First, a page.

Philosophy professor finds comfort of doubt in study

Jorge Valadez, Ph.D., is a philosophy professor. Although he was raised as a devout Catholic, he had many doubts and questions about his religion. He said that he was ultimately saved by philosophers like Aristotle.  Photo by Astrid Villegas
Jorge Valadez, Ph.D., is a philosophy professor. Although he was raised as a devout Catholic, he had many doubts and questions about his religion. He said that he was ultimately saved by philosophers like Aristotle. Photo by Astrid Villegas

By Astrid Villegas

The walls in Dr. Jorge Valadez’s office are empty, but his mind is not. With a simple question regarding philosophy, one can uncover a glimpse of his very accomplished life.

Valadez, a professor of philosophy, lives his life with simplicity and curiosity. His Yale doctorate lays on his desk along with a couple of ordinary papers.

“My wife keeps on asking me why I don’t put it up, and I intend to” Valadez said as he picked up his doctorate from the stack of papers. “It is just that I keep forgetting.”

Perhaps his forgetfulness comes from his primary occupation and “effort to understand the world and to understand reality at the most general level.”

Valadez was raised as a devout Catholic, but at a certain point he started to feel like the questions he had were not adequately answered by religion.

“I had too many questions, and I started to think and to question a lot of things,” Valadez said. “I was severely depressed for many years.”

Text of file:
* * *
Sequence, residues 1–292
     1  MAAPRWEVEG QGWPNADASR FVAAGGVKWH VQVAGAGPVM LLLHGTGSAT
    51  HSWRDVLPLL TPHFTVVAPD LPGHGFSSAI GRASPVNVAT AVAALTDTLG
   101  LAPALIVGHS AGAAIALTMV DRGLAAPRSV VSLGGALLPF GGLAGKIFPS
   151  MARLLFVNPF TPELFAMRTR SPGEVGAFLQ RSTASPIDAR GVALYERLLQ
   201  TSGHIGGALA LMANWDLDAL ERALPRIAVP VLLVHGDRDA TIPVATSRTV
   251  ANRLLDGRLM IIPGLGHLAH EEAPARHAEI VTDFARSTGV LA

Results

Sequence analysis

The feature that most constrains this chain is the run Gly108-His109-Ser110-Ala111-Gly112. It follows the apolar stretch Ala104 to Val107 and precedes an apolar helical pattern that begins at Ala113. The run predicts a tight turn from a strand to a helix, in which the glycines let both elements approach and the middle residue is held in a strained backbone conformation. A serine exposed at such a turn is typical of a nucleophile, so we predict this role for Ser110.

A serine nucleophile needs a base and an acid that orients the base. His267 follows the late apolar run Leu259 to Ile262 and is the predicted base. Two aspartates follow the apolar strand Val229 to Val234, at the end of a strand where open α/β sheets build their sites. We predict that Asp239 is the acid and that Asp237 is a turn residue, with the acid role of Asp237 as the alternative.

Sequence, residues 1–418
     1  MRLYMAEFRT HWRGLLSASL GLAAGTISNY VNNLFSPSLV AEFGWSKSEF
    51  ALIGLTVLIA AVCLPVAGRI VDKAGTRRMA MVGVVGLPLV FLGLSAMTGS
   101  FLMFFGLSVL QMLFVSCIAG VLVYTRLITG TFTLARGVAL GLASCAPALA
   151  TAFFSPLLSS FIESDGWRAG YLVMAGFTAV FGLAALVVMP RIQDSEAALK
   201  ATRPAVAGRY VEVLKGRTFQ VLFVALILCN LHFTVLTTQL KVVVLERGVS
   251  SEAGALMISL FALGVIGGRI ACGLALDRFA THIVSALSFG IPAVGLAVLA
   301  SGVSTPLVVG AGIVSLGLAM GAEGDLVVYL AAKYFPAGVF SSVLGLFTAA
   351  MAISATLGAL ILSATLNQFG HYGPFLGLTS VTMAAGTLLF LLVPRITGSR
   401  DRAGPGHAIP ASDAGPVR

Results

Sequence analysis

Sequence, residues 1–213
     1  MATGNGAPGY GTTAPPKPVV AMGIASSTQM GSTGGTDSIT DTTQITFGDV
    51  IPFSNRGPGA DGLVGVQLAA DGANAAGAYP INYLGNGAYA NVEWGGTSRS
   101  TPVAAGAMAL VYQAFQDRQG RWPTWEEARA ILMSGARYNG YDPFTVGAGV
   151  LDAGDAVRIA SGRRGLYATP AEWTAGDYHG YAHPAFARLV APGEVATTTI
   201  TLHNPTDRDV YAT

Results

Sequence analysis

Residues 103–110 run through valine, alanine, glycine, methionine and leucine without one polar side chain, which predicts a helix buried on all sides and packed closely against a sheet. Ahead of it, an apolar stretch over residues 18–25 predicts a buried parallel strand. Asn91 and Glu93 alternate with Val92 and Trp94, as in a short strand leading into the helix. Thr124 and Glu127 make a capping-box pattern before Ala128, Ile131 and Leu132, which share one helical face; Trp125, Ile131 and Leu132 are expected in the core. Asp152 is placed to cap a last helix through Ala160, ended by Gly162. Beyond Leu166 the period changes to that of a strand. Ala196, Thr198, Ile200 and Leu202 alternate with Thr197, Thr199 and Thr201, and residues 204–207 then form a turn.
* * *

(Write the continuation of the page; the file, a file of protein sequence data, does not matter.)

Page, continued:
Valadez went from being president of the science club and a straight A’s student to being an outcast that almost flunked out of high school.

“I just did not see any meaning or purpose in life.”

Valadez started to skip school to go to the public library and read the works of philosophers like Bertrand Russell and Aristotle. He discovered the area of study of philosophy, through which people had been thinking about and asking the same questions as he for centuries.

“I thought, ‘Hey I’m not crazy,’” Valadez said. “That is what saved me: that little shelf in the Laredo Public Library on philosophy, religion, and theology.”

Valadez developed an interest in philosophy and realized he had to go back to high school. He studied harder than before to increase his grade point average and ended up barely graduating, ranking 405 from a class of 410.

Nonetheless, Valadez went on to receive his bachelor’s from UT Austin, his master’s and doctorate from Yale, and after teaching at four different universities, he stayed at Our Lady of the Lake University, which he said has been the most supportive of his scholarly pursuits.

In his philosophy classes, Valadez not only teaches well-known philosophy, but also his own. As students walked into his class one day, their apprehensive faces showed how enjoyable yet challenging his course can be.

Once the class began Valadez included students in the lecture, especially the females of the class. As an advocate of women’s rights, Valadez makes sure to give women the opportunity to speak their minds, even if it may be challenging for some of his female students.

“I don’t think the way most religions reinforce morality is a healthy way,” Valadez said. “Religion is one of the greatest sources in the world that influences the oppression of women and their rights.”

Valadez has published a critically-acclaimed book and many articles in books and academic journals, but his latest book, Planetary Ethics and the Future of Humanity, concentrates on the connection between the universe, animals, human beings, and unexplained events in life.

“We need to realize that the connection between us and animals is closer than what we think,” Valadez said. “I think we are connected to each other as human beings and to nature in ways we don’t fully understand, There is evidence that shows we are connected in non-physical ways.”

The book is still a work in progress, but through it, Valadez aspires to “break new boundaries of thought.”

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